Coffee with Frau Bienkowski

“I don’t want to live to be 100,” Frau Bienkowski* said, stirring her coffee.
“A lady here turned 101 last week,” she said. “That’s not for me!”

Frau Bienkowski is 93.

When I met her for the first time, she was nestled in an armchair with a newspaper and an enormous magnifying glass on her lap. The walls of her room were decorated with black and white photographs. Her husband and her son sat politely in their frames, wearing suits, ties and pleasant expressions.

“I think your son has your eyes?” I suggested.

“No,” she replied. “He had my nose. His eyes were blue like his father’s. But you can’t see that from the photographs.”

Frau Bienkowski’s husband died in the war; her son in a traffic accident. When she was left alone with her son, her parents helped out. She never forgot it and when they grew old, and she had lost her son too, she nursed them by herself, until they too died. Now she is living in a home in west Berlin, close to where she grew up and she has been kind enough to accept my weekly visits.

When I came into her room last week, she pointed at my dress and said, “Look at that pattern! It’s beautiful!”

LSB had given it to me for Christmas. It’s the pattern of a painting by Klimt. It’s actually a skirt but I have transformed it into a dress with the help of a belt and a big black bow.

“I used to be a seamstress,” Frau Bienkowski said. “I notice these things.”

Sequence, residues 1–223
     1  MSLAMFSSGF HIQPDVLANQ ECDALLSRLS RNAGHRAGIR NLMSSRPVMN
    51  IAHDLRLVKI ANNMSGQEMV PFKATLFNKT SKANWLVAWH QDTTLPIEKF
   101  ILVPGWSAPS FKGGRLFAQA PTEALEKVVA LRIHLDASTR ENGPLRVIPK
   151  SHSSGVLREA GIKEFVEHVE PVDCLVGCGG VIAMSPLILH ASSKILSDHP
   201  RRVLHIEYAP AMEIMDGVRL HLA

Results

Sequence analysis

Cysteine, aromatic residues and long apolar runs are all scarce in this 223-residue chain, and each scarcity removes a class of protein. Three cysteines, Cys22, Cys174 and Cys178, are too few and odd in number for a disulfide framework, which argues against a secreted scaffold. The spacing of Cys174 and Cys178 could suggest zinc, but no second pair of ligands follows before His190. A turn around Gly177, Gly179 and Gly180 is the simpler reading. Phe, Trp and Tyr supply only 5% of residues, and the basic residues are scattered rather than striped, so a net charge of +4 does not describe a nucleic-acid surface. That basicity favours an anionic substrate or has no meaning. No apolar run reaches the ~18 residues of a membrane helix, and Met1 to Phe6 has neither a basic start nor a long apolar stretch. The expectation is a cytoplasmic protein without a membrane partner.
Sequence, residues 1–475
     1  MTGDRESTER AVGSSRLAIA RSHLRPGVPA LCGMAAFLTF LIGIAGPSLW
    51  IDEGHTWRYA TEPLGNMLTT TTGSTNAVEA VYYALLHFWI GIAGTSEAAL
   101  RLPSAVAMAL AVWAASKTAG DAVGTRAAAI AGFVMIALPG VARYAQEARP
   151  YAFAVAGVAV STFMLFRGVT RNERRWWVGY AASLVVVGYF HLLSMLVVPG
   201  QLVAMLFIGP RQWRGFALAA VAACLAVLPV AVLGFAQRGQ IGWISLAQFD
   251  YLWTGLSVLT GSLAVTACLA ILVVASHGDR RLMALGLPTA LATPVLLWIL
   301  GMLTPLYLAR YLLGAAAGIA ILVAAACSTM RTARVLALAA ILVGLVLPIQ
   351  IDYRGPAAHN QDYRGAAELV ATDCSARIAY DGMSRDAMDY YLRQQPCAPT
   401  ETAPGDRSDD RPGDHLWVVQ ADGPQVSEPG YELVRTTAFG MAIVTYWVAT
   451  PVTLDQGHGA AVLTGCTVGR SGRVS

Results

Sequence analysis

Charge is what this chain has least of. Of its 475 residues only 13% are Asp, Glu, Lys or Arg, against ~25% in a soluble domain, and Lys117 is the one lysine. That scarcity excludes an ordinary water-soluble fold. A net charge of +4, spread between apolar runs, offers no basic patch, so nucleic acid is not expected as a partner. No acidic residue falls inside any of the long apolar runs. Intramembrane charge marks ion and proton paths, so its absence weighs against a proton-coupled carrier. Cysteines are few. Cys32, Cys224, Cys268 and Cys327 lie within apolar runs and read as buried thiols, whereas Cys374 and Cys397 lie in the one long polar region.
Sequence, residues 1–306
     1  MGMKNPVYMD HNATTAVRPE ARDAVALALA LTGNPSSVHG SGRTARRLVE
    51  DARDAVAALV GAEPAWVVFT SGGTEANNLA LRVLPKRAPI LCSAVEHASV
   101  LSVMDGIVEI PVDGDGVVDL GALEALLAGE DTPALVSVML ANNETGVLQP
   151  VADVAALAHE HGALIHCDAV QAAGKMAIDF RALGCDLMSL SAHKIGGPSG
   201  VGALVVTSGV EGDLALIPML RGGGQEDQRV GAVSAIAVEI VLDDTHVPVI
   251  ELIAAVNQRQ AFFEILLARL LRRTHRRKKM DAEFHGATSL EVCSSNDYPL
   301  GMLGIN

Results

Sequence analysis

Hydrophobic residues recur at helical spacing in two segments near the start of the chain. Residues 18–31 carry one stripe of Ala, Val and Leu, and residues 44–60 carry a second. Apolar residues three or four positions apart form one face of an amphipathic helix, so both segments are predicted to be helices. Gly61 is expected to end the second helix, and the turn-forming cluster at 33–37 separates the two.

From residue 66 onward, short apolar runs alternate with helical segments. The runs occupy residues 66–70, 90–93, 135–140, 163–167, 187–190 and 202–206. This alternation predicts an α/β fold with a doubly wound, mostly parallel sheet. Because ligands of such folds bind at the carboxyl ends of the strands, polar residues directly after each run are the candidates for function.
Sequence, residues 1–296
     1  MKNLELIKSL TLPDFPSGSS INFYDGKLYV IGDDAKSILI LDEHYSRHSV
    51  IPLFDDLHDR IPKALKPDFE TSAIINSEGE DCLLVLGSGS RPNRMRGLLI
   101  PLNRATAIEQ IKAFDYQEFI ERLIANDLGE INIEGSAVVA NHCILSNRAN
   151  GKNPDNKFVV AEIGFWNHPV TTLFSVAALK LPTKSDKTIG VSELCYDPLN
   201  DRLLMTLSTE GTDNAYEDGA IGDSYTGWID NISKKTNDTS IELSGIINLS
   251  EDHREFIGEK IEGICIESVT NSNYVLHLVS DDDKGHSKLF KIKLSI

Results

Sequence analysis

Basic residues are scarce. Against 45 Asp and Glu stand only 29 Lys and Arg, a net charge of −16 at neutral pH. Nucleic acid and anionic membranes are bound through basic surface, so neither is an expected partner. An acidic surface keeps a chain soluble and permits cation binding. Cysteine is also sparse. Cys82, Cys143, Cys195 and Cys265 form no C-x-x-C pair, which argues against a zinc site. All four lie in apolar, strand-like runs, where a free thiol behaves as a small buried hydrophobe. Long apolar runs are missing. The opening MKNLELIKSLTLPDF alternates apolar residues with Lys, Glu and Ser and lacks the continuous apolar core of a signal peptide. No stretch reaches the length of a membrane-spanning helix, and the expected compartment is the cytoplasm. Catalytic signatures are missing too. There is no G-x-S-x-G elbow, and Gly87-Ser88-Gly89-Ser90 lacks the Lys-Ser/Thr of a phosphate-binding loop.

She worked in a shop on Kudamm, a famous shopping street in west Berlin. When it was fashion show season, she would stay up sewing until the early hours of the morning. She made ballroom dresses out of pure silks. The war interrupted her work and when she married she gave it up. She found it difficult, not working any more.

Many of her memories are of an occupied Berlin. “There was no talking to the Russian soldiers,” she said, “nor to the Brits either really. The Americans were all right actually.”

We talked about Prince William and Kate Middleton. “I wonder if the Queen will ever abdicate,” she mused, “and whether Charles will ever be king. The Dutch queen did; it was the right thing to do.”

She said she thought the Dutch royals seemed like a happy bunch.

Frau Bienkowski loves reading. She asked me to reach up to her bookshelf to take some titles down for her. She showed me a series of books about German royalty, and some stories of romance in India. I told her I was reading Anna Karenina. (still, the shame!). She said she had read it several times and seen the 1935 version of the film.

Next we read a little from the paper. Germany’s, former (as of yesterday) education minister Annette Schavan had been stripped of her doctorate from the University of Duesseldorf, for plagiarism. “They took it away, did they?” Frau Bienkowski asked. “Just like zu Guttenburg, she added, referring to the minister of defence, who resigned in 2011 after it was found that he too had copied large chunks of his doctoral thesis.

Frau Bienkowski grew up in a flat in a big house, where she had three very good friends who lived below. The group stayed in touch and only one moved to another area of the city. They’ve all died now but Frau Bienkowski keeps them alive in her head.

She met her husband at a dance.

I imagine that she was wearing an exquisite silk dress.

This morning, when I woke up missing LSB, I thought of Frau Bienkowski.

*not her real name.

13 thoughts on “Coffee with Frau Bienkowski

    • She certainly is strong! And very warm and mentally sharp. I feel really lucky to be able to visit her. And she always says “now I don’t want you feeling obliged to come!” That couldn’t be any further of…


  1. What an amazing story… the life that woman has lived is the stuff of legend. Thank you for sharing that. We lose people every day that all have amazing stories to tell, but no one ever tells them and that’s such a shame. This is the best post I’ve read all week. ๐Ÿ™‚


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